Yesterday, the world’s most ambitious media blockchain company had a very public embarrassment. It was the last day of a public token sale for the Civil Foundation, a media project using blockchain to launch a new generation of ad-free media startups. But when it came time to sell the token at the center of it all, the project came up short. Civil had initially planned to raise as much as $24 million, and pledged to return the money if it raised less than $8 million. In the final accounting, less than $1.5 million was spent on tokens, more than $1 million of it coming from Civil’s direct investors at ConsenSys.

The company put the blame on a needlessly complex process for buying tokens, and pledged to try again, returning donations in advance of a refigured sale in the weeks to come. But the result is still a disastrous start for a project that has struggled to gain momentum in the cryptocurrency world.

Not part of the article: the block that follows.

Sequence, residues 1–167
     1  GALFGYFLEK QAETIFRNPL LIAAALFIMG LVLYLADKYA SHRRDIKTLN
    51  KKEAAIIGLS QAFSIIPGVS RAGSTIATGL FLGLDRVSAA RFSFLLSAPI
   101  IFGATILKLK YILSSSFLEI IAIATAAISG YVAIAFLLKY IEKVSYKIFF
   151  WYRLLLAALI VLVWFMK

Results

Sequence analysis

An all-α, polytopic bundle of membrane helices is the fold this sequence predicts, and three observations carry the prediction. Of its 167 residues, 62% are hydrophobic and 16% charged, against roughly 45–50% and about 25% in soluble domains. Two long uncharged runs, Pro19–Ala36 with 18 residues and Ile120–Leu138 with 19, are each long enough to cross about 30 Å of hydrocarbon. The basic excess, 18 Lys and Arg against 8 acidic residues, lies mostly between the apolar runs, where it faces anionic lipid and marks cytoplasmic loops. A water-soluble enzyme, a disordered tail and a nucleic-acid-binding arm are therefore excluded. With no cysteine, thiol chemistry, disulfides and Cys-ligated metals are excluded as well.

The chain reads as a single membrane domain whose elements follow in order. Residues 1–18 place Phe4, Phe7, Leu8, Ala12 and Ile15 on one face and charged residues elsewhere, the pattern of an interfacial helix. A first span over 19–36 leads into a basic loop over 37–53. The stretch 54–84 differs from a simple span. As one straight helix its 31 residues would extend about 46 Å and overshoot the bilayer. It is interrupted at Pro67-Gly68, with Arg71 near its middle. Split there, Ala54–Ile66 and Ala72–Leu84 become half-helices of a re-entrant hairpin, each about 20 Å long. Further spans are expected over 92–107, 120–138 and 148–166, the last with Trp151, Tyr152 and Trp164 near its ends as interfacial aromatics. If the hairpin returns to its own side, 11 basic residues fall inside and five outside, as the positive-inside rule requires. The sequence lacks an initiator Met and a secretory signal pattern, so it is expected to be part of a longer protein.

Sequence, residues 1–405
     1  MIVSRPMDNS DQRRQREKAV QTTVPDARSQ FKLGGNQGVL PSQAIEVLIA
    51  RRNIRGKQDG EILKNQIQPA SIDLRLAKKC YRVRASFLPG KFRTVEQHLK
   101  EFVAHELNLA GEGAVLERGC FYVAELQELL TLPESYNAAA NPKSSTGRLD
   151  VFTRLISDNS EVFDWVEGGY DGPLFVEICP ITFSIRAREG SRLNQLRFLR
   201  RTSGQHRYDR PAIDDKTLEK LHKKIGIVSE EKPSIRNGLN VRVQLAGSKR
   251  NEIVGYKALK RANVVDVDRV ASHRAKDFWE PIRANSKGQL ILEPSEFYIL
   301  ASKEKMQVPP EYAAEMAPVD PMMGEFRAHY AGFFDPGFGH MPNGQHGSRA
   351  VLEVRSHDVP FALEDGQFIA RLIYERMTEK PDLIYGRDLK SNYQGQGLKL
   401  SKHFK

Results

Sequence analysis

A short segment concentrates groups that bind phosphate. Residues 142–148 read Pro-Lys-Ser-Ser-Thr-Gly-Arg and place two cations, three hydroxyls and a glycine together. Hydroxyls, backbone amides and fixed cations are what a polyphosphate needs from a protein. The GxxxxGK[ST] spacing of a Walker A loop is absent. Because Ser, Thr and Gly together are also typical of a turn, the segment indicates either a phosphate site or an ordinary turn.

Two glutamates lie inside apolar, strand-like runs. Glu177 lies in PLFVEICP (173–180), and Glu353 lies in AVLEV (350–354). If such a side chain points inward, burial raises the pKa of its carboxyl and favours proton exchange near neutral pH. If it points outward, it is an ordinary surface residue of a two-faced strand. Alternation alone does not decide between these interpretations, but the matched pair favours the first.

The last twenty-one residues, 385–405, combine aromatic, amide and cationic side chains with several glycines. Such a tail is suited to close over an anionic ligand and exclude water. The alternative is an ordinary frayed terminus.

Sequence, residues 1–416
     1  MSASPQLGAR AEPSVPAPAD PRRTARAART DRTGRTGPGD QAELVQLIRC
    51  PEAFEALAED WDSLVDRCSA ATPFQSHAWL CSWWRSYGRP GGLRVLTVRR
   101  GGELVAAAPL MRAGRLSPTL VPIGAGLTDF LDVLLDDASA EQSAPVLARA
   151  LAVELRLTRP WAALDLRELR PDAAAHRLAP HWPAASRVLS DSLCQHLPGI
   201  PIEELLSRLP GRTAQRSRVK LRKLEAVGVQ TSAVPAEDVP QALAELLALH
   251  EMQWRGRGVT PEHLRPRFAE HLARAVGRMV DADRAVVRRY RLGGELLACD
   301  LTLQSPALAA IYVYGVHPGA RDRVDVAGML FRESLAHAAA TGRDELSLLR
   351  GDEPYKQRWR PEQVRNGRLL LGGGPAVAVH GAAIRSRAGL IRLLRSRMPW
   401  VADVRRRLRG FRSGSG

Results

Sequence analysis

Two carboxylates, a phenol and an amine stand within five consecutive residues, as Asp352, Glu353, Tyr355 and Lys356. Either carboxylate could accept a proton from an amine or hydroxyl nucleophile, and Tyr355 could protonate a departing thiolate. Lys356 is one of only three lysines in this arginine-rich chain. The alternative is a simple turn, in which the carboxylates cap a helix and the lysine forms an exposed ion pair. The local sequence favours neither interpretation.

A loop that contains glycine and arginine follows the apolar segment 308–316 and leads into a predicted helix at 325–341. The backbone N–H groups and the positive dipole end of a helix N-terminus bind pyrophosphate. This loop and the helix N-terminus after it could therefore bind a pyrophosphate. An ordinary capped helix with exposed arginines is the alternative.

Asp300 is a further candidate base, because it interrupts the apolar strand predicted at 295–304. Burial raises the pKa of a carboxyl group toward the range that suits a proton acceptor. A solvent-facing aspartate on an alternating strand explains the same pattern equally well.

PopulaandSludgelaunched with grants from the venture-funded media company, although much of that support is now being taken over by the foundation. In the long term, the publications mostly plan to sustain themselves with user donations, either in simple cash or Civil tokens. This week’s sale is a problem for the foundation budget — and Iles says the nonprofits’ plans are already being scaled back as a result — but the rest of the network seems less concerned.

a running joke. Depending on the context, Civil’s blockchain can be a governance mechanism, an anti-censorship tool, or a micropayments system. Even observers who were convinced of the Civil blockchain’s usefulness in verifying datelines are less convinced of the broader merits of the project. Utility-based tokens like Filecoin — arguably the most complex blockchain projects that have found success so far — seem simple in comparison, but Iles bristled at the comparison.

“Filecoin is a way to pay people to run Dropbox on their computer,” Iles told me. “Civil is a way to crowdsource accurate and ethical information, at minimum. We’re complicated only insofar it’s important how we do things.”

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